1.8   There are important issues to be considered with regards to the need for productive forestry using fast growing species to provide long term significant carbon sinks and products of value to society and the need to address broader environmental challenges, such as biodiversity loss, with naturally regenerated mixed native woodlands. Native woodlands offer diverse benefits and may, for a given land area, eventually generate similar or greater average stocks of carbon, but will show slower rates of removals initially than commercial species and management and, in the long term, as the native trees mature, their carbon removal rate slows compared to a replanted plantation. It is important that when woodland creation is used as an NbS, opportunities to support wildlife recovery are taken and that productive woodlands are truly multi-functional, supporting environmental, social and economic objectives, as set out in the UK Forestry Standard.


1.9   Other ecosystems could sequester smaller amounts of carbon and at much slower rates, but Defra is actively exploring their potential (Annex 1a). The available evidence indicates that soils sequester approximately 1 MtCO2e/yr although healthy soils deliver a range of ecosystems services and could unlock further emissions savings across agricultural systems in particular. The protection, restoration and sustainable management of certain coastal ‘blue carbon’ habitats, such as saltmarsh and seagrass, could provide cost-effective NbS with carbon sequestration benefits (Annex 1b), alongside benefits for biodiversity, climate adaptation and resilience. 38% of UK waters are in Marine Protected Areas, covering the majority of saltmarsh and seagrass habitats. Our focus is now on ensuring these are effectively protected. In the UK, the coastal environment does not currently contribute to carbon accounting and reporting due to a lack of appropriate data, but we continue to build the evidence base to help inform this (for further information see Question 2). Removals occurring in the seas surrounding the UK are not included in UK carbon targets.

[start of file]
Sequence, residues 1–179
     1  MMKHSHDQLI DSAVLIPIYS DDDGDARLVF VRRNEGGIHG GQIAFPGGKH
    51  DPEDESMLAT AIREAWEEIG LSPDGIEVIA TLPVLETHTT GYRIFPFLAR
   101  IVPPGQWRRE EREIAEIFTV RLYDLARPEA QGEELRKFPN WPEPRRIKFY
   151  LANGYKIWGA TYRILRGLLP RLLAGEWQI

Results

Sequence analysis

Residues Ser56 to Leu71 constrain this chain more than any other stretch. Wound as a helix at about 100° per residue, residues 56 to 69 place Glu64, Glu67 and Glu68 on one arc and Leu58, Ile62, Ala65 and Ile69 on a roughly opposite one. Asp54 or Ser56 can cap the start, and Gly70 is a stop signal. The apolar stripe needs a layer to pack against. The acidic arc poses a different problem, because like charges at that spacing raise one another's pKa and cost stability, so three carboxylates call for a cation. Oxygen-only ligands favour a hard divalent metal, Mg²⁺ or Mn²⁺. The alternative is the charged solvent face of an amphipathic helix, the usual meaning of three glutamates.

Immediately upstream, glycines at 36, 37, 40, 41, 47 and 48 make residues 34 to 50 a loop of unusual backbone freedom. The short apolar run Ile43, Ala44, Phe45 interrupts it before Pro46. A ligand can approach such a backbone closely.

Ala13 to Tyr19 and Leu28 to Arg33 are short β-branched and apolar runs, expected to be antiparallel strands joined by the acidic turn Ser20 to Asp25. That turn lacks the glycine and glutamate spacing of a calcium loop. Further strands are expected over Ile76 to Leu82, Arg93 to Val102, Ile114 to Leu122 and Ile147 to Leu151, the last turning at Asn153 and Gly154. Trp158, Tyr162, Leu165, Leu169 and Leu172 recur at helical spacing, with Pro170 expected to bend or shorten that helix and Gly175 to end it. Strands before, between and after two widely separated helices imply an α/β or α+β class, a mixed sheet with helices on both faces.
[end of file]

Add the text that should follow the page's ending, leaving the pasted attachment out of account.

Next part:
1.10   While there is uncertainty in the amounts that other ecosystems could store either in their vegetation and / or in their soil, their protection, management or restoration could contribute to climate mitigation whilst providing many other benefits for biodiversity and humans well-being.


1.11   Defra has also been exploring the potential in mineral soil, and is taking a natural capital approach to improving soil health by developing a range of actions that consider soil as part of an ecosystem, balancing the need for improved food production and protecting the environment. Encouraging the uptake of sustainable soil management practices for agriculture and other sustainable land uses that improve soil health will in turn underpin a range of environmental, economic and societal benefits, including, food production, biodiversity, carbon storage and flood mitigation.